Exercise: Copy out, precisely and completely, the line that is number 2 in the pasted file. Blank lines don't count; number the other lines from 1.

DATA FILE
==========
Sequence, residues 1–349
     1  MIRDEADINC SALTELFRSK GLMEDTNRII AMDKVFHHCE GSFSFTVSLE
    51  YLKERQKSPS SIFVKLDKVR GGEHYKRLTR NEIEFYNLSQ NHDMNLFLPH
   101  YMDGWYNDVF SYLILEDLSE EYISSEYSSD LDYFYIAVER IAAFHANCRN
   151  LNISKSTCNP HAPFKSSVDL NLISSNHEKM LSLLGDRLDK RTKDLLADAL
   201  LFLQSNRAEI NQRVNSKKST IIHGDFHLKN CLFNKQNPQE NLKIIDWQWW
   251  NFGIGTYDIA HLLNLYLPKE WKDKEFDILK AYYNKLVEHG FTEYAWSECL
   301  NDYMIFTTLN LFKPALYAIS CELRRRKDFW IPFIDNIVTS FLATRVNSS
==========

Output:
     1  MIRDEADINC SALTELFRSK GLMEDTNRII AMDKVFHHCE GSFSFTVSLE